Ed. note: This is a weekly column by Elie Mystal, Managing Editor of Above the Law Redline, wrapping up the week that was in law and finance. Elie is not a practicing attorney, and anything he says that you listen to can and will be used against you.
So we’re all having fun today with J.P. Morgan, lawyers at Mayer Brown and Simpson Thacher, and their collective $1.5 billion error. The Second Circuit ruled that creditors to the old General Motors may be entitled to $1.5 billion based on a legal mistake in old JPM loan documents.
It might seem weird to use this story as an example in favor of gigantic legal fees, but as you look at how this error happened, you’ll see my point.
JPM loaned GM money as part of a $300 million synthetic loan. Unrelated to that, JPM also financed part of $1.5 billion loan to GM. When GM paid off the first loan, it needed to release JPM’s interest in GM property used to secure the $300 million.
I’m bored already. Evidently, so were lawyers at Mayer Brown. A senior partner delegated part of the task to an associate, who delegated some of the research to a paralegal. The paralegal was unfamiliar with the transaction, probably because he was a paralegal and people spend more time housebreaking their dogs than they spend explaining to a paralegal why they are being asked to do any particular task. The paralegal put in the wrong term because, whatever, he made a mistake researching something no lawyer knows off the top of his head.
From there, the associate copied the mistake into the documents sent to the senior partner without checking the paralegal’s research. The partner send the docs to JPM’s outside counsel without checking the associate’s research. Outside counsel Simpston Thacher didn’t double check or catch the error. Nobody at Mayer Brown, Simpson Thacher, or in-house at GM or JPM caught the mistake. Richard Gere shoved a gerbil up his ass. I know because I read it somewhere. Read more »
In 2011, Dean O’Malley walked away from a high-paying job with no plans for the future, other than to escape the world of finance. His IT job at JPMorgan Chase (JPM) had survived the financial crisis, but he had no desire to stick around for the next one. O’Malley had grown tired of the crazy hours, increasing regulation and negative stigma. “Banking was one of those industries where we were seen as the root of all evil. I felt like I wasn’t really doing any positive work,” the Southern California native told CNNMoney. Just two weeks after leaving his Vice President of Technology post, O’Malley ran into a friend who opened up a very different career path. Her family was launching a business based on jetpacking, an emerging extreme water sport that lets riders fly above the water James Bond-style. Even though he thought jetpacks looked crazy at first, O’Malley eventually agreed to run day-to-day operations and invest in the new business, which launched in Newport Beach, California. Three years later, O’Malley is loving life as president of Jetpack America, a business he’s led to $1 million in annual gross revenue. He’s making just a fraction of what he took home at JPMorgan, but O’Malley said he’s in it for the long haul. “Not a day goes by that I don’t thank myself for walking away from the old job,” said O’Malley, who is 38 years old. [CNNMoney]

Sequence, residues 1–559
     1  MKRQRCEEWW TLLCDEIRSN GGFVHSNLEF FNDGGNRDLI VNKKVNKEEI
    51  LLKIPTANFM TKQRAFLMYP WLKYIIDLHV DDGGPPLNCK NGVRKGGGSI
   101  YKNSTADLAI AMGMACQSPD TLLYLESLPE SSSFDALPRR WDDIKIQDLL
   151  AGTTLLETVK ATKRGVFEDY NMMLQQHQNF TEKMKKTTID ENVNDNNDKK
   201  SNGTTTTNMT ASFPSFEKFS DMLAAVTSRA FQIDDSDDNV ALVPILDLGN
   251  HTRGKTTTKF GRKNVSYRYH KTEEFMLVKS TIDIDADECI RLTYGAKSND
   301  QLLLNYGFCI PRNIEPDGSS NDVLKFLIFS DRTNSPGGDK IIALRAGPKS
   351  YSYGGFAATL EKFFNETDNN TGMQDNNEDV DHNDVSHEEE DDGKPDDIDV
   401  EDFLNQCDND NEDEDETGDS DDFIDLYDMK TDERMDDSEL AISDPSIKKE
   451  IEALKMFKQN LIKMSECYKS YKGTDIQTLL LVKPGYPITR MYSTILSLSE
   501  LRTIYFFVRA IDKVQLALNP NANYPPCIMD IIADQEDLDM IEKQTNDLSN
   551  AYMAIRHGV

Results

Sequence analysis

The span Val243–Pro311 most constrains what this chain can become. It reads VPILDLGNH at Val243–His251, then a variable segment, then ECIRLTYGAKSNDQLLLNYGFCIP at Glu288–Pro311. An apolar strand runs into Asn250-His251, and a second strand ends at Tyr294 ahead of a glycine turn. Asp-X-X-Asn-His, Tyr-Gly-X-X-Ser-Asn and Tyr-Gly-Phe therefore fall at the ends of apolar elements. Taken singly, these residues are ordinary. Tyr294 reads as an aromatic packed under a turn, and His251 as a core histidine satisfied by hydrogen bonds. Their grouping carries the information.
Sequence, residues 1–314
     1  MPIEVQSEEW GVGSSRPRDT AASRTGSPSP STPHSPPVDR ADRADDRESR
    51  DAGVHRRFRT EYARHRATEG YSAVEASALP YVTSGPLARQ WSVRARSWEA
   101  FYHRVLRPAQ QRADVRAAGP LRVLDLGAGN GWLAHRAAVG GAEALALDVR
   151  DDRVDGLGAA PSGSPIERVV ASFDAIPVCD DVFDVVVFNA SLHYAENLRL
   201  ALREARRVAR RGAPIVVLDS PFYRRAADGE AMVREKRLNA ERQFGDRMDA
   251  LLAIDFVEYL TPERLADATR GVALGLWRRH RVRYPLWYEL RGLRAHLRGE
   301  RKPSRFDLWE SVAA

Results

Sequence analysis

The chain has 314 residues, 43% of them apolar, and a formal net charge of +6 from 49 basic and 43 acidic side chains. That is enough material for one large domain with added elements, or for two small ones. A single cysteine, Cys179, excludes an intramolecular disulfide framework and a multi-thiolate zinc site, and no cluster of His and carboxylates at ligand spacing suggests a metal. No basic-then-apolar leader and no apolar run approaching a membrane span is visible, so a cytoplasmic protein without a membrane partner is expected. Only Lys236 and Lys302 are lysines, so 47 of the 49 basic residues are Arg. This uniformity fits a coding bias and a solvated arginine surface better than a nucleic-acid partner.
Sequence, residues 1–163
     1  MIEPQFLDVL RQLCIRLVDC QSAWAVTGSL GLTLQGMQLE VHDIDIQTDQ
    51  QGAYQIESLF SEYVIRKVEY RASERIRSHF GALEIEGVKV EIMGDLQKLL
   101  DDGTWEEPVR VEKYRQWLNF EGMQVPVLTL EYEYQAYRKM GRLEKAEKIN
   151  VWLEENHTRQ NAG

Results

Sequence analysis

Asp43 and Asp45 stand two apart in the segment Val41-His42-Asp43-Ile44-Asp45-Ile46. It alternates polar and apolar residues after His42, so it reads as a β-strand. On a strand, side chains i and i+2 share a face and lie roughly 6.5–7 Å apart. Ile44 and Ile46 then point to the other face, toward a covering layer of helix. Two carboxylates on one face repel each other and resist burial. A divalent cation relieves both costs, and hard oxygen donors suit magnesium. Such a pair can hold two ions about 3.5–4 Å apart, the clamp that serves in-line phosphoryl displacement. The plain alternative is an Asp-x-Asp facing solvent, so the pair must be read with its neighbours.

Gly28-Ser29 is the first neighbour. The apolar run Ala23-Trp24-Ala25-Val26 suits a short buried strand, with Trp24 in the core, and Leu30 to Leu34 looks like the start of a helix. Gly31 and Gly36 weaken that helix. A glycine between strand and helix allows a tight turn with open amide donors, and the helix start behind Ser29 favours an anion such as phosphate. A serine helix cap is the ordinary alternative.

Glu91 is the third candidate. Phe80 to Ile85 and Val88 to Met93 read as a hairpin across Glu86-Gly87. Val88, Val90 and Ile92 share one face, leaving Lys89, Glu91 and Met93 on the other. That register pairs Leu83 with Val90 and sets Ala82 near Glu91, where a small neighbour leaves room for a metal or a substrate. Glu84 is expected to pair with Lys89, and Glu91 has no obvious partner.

After beating cancer, Jamie Dimon — like many survivors — is looking to give back after a life in banking. The 56-year-old JPMorgan Chase chief executive is considering philanthropy and teaching when he leaves the bank he’s helmed for 10 years, he said during his first public appearance in New York since finishing the cancer treatment last month. “I still want to make it a better world,” he said Tuesday at the Javits Center for an industry conference. “I think when I’m done with this, I’m going to do it more directly.” [NYP]
If you’re going to team up with other banks to manipulate interest rates and engage in other shady behavior, just make sure to be the first one to go to regulators and let them know what you’ve all been up to. Read more »
Fact: JP Morgan is interested in moving its headquarters from 270 Park Avenue to a yet-to-be constructed “corporate campus” on the west side of Manhattan. Fact: Real estate developers like the idea of this place, which would cost approximately $6.5 billion to build. Rub: JP Morgan needs the city to entice it to head West, and not that you can put a price on these things but $1 billion would probably be enough to get Jamie and Co. to put their hard hats on. Read more »